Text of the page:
“I decided to write a book.”

“No kidding? What about?” He squatted next to the desk, reading. “This isn’t half bad, Mom.”

“Didn’t think your mother could write, huh?”

“Didn’t figure you for the literary type. What kind of book is it?”

“I thought I’d write about something important, dealing with social issues.”

“You should write about your life, your family. I know lots of kids whose parents are divorced, or never married. I know a couple from abusive homes, too.”

“That’s terrible. You’d think the state could do something.”

“The system fails a lot. You should write about that.” He nodded sharply, emphasizing his words.

“I just might. Meanwhile, will you help me get a salad together? I need to start the bread and pasta.”

© 2018 Dellani Oakes

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Sidetracked by Dellani Oakes Part 4

sidetracked resizedAfter Fred leaves for work, Deirdre settles down to try to write. It doesn’t go awfully well. Waiting in parent pickup after school, she tries again. Once the boys arrives, she senses tension between them.

Deirdre glanced at him in the mirror while she was stopped at the light. “What happened?”

Burl glared at his brother, then turned away to stare out the window.

“Molly Finch,” Corin said, for once, not teasing. “You can tell, or I will,” he said to Burl. “Cause Mom needs to know.”

“Needs to know what? He’s a whiny baby?” Aiden said.

“No. That you’re a supreme dick,” Burl shot back, throwing a punch at his brother from the back seat.

“Enough!” Deirdre yelled. “Shut up! We’ll discuss this when we get home. In the meantime, could you refrain from fratricide until we’re out of the public eye. It’s awfully hard to cover that shit up when you’re driving down the road.”

It seemed to take forever to get home. They hit every red light. The ominous silence resonated in the Jeep, threatening to implode. They pulled up in the garage and Aiden hopped out of the Jeep, heading outside.

“Hold up, boy!” Deirdre called after him. “You and your brother have some explaining to do.”

Rather than argue, he followed them in the house.

“Sit. Talk,” their mother commanded. “Starting with Corin, speak.”

“Aid was nasty as shit to Burl, today at lunch. Molly Finch, she’s the younger sister of Lance’s girlfriend, Allie,” Corin explained. “She’s Burl’s age. She invited him to go with her to lunch, cause Lance said she could invite a friend. But Aiden was going, and didn’t want Burl. He wanted to take some skank.”

“She’s not a skank!” Aiden yelled.

“Some skank,” Corin continued, holding up his hand to shut his brother up. “And Lance hadn’t even said he could. So he got mad and told Burl, no. And he made Molly go without Burl, and took some girl he wants to bang.”

Deirdre blinked, taking a deep breath. There were a lot of things wrong with that, not the least of which was Corin’s language. It also took a second or two to work through his syntax, which was in fifteen-speak.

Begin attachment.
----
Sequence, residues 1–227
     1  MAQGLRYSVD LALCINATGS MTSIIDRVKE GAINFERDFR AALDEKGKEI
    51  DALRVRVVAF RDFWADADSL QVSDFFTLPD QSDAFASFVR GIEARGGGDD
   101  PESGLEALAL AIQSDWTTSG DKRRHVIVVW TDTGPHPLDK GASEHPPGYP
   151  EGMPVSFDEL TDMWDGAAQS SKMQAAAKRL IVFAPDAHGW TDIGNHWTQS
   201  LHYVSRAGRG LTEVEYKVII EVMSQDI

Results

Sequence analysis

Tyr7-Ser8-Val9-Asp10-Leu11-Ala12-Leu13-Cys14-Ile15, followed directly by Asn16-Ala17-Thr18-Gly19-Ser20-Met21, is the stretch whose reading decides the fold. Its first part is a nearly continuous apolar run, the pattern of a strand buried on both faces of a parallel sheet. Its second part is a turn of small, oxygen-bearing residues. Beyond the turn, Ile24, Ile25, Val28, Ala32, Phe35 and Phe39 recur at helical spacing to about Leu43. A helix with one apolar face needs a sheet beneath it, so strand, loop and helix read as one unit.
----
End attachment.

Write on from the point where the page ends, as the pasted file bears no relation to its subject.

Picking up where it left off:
“You don’t use that word,” she corrected. “Bang is crude. Have sex with….”

“Sounds creepy and adult….” Burl began.

“And more accurate,” she interrupted her middle son. “Let me get this straight. Aiden controlled this decision? Where was Lance, wasn’t it his car?”

“Yeah, but he won’t stand up to Aiden. No one does, cause he can whoop everyone one handed,” Corin sounded awed by his brother’s kick-ass skill.

“Is that true? Are you fighting people, now?”

“No one has challenged him in ages,” Burl said. “Not since what’s his f**k….”

Aiden silenced his brother with a loud, sharp hiss.

“What whose f**k?” Deirdre asked, not unmindful of her own poor syntax.

“Torrance Crawford,” Corin supplied. “He made the mistake of getting up in Aiden’s face last year. Aid flattened him.”

“Why don’t I know this? Doesn’t the school call?”

“They did. Dad took the call,” Corin said.

Aiden punched his brother. “Thanks for that. We invoked the Bro Code on that one, Cor.”

“Burl brought it up.”

“Shut up!” Deirdre yelled. “Enough. Rooms. All of you. Any plans you had, canceled.”

“What did I do?” Burl squeaked.

“I don’t care. I’m furious with all of you. Get out of my sight. Rooms. Now.” Holding her head, she closed her eyes. Think what fun Fred will miss while he’s gone. I wish I could go instead.

With her mind on other matters, she threw together some spaghetti for dinner and got out a loaf of frozen garlic bread. Once it was set on a tray, she went back to her computer. Suddenly, a sentence popped in her mind. She couldn’t wait to write it down. Repeating it over and over, she memorized it so that it would be in her mind when she got her program open.

Busily typing away, she was annoyed when the house phone rang. Glancing at it, she saw it was Fred calling from work. He’d had lunch already, what could he want?


“Hey, babe.” He sounded tired, not common for him. “Bad news on that setup. I have to go early tomorrow.”

“What? Why?”

“No idea. I think we were given the wrong date. That is, apparently, opening.”

“How long will you be gone?”

“About a week?”

© 2018 Dellani Oakes